Archives For Dulux

By Claudia Babirat, Community Outreach Coordinator, Otago

I have just been reminded of how proud I am to work for DOC—and in conservation.

That’s because I had the unique opportunity to travel the length of the country to film a variety of community conservation projects. My travels took me to almost every region in New Zealand.

Claudia setting up her camera in the Bay of Plenty hills.

Setting up shots in the sunny Bay of Islands

Not only was I inspired by the conservation projects I filmed, but I also met an incredibly diverse bunch of amazing New Zealanders—DOC staff, business people, young ambassadors, tireless volunteers, community leaders, philanthropists, conservation-minded farmers and forestry workers, and a variety of passionate organisational partners.

These people shared their working life with me, and some also welcomed me into their homes—people like Gareth and Jo Morgan (thanks for the scooter ride, Jo), Guy Trainor from Kaiteriteri MTB park who tested my skills on the Corkscrew, the lovely Kate Akers of Landcare Trust (you are wunderbar), the tireless Fleur Corbett and Helen Ough Dealy from DOC in the Bay of Islands, and my good friend Ruth Barton in Auckland.

Farmer Dan Steel from Blue Duck Station.

The video features interviews with a range of different groups and individuals, like farmer Dan Steele

The video showcases DOC’s vision for the future—more people involved in community-owned conservation projects.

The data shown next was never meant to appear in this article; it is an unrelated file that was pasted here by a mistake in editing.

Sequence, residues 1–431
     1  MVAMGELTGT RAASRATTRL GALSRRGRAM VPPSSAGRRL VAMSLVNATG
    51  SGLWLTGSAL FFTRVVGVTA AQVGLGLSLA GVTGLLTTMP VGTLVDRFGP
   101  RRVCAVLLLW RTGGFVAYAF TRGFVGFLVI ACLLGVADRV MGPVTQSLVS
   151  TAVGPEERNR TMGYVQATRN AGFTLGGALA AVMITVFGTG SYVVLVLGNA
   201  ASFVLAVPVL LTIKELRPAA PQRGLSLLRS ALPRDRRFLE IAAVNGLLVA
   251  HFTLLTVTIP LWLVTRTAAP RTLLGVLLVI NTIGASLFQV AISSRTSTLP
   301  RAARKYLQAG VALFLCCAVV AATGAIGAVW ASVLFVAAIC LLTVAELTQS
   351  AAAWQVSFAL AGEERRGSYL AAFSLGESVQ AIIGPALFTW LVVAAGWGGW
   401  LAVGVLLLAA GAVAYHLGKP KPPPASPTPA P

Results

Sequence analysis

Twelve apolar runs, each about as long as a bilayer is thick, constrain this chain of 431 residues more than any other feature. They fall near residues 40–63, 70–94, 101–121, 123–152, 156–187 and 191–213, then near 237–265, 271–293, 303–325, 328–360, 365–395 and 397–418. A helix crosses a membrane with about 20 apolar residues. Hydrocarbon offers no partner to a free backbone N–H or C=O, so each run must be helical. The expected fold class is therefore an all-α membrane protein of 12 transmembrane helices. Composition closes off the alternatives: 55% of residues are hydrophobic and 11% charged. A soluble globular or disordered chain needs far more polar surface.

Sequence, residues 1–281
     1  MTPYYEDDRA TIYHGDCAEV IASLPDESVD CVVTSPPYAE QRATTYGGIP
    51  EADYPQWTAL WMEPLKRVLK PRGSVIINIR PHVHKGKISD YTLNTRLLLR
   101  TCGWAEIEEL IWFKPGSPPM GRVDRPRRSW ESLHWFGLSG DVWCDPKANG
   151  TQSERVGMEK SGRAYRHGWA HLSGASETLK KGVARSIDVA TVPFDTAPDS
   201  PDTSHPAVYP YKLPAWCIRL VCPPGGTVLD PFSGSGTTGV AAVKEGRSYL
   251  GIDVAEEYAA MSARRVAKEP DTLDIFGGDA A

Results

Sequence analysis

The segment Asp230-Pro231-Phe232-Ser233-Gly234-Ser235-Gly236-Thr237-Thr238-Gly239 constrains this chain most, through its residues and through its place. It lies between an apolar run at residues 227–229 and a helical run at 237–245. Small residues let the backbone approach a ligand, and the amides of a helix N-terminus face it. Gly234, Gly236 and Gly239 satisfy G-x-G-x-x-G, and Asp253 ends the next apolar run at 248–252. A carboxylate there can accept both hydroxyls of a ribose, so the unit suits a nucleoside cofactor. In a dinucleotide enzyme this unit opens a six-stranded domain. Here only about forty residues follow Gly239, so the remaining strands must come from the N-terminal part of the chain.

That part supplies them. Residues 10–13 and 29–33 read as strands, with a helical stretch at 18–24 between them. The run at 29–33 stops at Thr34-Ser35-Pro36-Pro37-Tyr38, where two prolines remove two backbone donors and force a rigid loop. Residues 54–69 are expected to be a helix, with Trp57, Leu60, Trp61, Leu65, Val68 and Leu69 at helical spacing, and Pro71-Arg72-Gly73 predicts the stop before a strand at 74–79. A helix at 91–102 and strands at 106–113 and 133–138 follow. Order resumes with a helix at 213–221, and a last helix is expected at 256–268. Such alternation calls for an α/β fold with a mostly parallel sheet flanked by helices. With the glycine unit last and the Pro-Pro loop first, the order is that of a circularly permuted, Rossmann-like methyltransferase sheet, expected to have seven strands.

This is a run-down of the inspirational projects I filmed:

Day 1 – Dulux

Dulux has just announced a new three-year partnership with DOC—you may have seen the TV advert. In short, Dulux is supplying DOC with paint to spruce up huts and other structures around the country. I interviewed Murray Gray, Dulux’s trade store General Manager. He’s a down-to-earth guy—loves the backcountry and hunting, and helped paint Tarn Ridge Hut that features in the ad.

Day 2 – Nature Central

Just after lunch I filmed Wayne O’Donnell of Greater Wellington Regional Council. Wayne is part of Nature Central, a partnership between three regional councils and DOC, who aim to work together to make better use of resources, and work on joint projects including education and training initiatives.

Outlook for Someday

16-year-old Natasha Bishop is the talented young woman behind the simple yet very effective animated video ‘Arboraceous’, which won the Outlook for Someday 2012 competition.

Day 3 – Project Janszoon

Devon McLean (Chairperson of Project Crimson, and now Manager of Project Janszoon), and Wildlife Manager Pete Gaze were my hosts at Anchorage in Abel Tasman Park. Conservation in the park has been boosted by a $25 million project (over 30 years) launched by a Kiwi family who wish to remain anonymous (‘Janszoon’ was Abel Tasman’s middle name—not the name of the family).

Day 4 – Kaiteriteri Mountain Bike Park